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Italy 2004

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Wednesday, 12.8.04: Home from Italy

We are home. Always a good place to be.

It is Tuesday at 5:30 A.M. Even though we had a grueling day yesterday, our body woke us up at 3 AM -- 9 AM in Italy. 

I am looking around at at all the scattered bits of travel gear that needs putting away, yet also trying to cling to that Italia feeling. I will write up a trip journal, get photos and videos organized, but it feels like I should simply sit here and reflect for a few minutes.

I wanted Italy to change me somehow. Did it?

I might come to different conclusions when the full picture of our two weeks is laid out, but here are my first post-vacation thoughts.

But first: Judging Italy from the historic districts of Rome, Florence, and Venice is like judging the United States from a museum-hopping holiday in Manhattan. However, like brave Manhattan tourists, we did learn to jam ourselves into crowded subways and rub asses with the masses.

Weather: "Vacationing in Italy" sounds warm and sunny. It wasn't. Rome is on the same latitude as Rochester -- the days now are short. The skies were gloomy, with occasional showers. The daytime temperature hovered in the 50s --not frigid, really, unless you packed for "sunny." Jim should have had a thermal undershirt. I finally bought gloves. Still, all the sidewalk cafes were open and Italians in black quilted coats and pashmina scarves sat outside with their espressos and cigarettes, yakking on their cell phones. But the advantage of winter is no crowds.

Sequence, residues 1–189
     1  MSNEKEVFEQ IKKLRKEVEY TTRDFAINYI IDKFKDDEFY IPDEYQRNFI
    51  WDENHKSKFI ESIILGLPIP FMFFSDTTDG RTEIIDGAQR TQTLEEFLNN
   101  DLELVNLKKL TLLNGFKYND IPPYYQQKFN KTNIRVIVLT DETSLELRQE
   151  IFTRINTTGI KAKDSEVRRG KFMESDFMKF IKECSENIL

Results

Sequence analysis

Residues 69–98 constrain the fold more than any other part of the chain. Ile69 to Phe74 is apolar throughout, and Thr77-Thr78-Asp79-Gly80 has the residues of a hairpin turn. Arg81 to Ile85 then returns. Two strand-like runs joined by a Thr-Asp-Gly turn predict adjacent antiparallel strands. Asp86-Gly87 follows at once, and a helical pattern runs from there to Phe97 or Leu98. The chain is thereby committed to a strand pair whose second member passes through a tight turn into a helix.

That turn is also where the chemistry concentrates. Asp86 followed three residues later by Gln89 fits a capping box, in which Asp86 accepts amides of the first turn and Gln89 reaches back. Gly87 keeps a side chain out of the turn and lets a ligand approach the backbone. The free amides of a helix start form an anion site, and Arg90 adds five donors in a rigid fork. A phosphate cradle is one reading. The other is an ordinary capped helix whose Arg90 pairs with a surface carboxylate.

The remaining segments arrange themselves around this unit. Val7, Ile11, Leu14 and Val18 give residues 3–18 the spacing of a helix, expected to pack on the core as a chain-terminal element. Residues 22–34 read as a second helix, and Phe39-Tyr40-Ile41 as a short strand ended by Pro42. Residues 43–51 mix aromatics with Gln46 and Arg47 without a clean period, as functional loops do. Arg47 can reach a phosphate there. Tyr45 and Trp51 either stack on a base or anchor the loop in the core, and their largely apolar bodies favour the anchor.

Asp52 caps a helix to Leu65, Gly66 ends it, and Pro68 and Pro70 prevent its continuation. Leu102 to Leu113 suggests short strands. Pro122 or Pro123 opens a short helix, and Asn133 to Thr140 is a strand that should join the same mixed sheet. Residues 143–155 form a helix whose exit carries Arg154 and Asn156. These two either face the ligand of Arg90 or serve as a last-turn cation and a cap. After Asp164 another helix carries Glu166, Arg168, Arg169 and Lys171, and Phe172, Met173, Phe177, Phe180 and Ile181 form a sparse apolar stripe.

Breathtaking: the Pantheon, Michelangelo's David, Sistine Chapel, Venice in every way

Surprising: I didn't expect to find my roots in Italy, beyond my passion for pasta. But finding my Catholic roots caught me by surprise. I have never looked to the Pope or the Vatican as my "source." But all that Catholic art, with its vivid storytelling -- stories I grew up with -- made me feel Catholic, made me remember that dormant part of my identity.

Italians: Not the gushing friendly stereotype. I found them generally aloof, occasionally snooty -- maybe because we are imperialist Americans; maybe because they are prosperous Europeans with a currency that's kicking our ass. Or maybe it was simply because we couldn't speak Italian and they love to talk.

Food: Always good but we are not true "foodies." We would walk and walk till we were about to drop then would enter the nearest restaurant that looked like it had table service, so we could order off a menu and not act like idiots pointing and grunting at the food in the more common cafes. Jim hasn't weighed in yet, but for me, the constant walking offset the mounds of pasta and pizza pies. (Oh, yes, they do have pizza in Italy. Rome and parts north -- paper thin crust.) Wine: The house Chianti Classico was just fine with me.

Re-entry: I went away feeling restless and tired of my routine. I wanted Italy to change me somehow. Did it? I cleaned out some brain clutter: no TV, no radio, no newspapers, no internet. I blanked out all things American and immersed myself in the new surroundings. In the empty space, in the sleepless hours when my body was still on New York time, I didn't think momentous thoughts or develop inspiring goals. I played word games with myself -- composed haiku and limericks. Maybe that -- plus filling my eyes with Western civilization's greatest art -- is enough.

 

 

 

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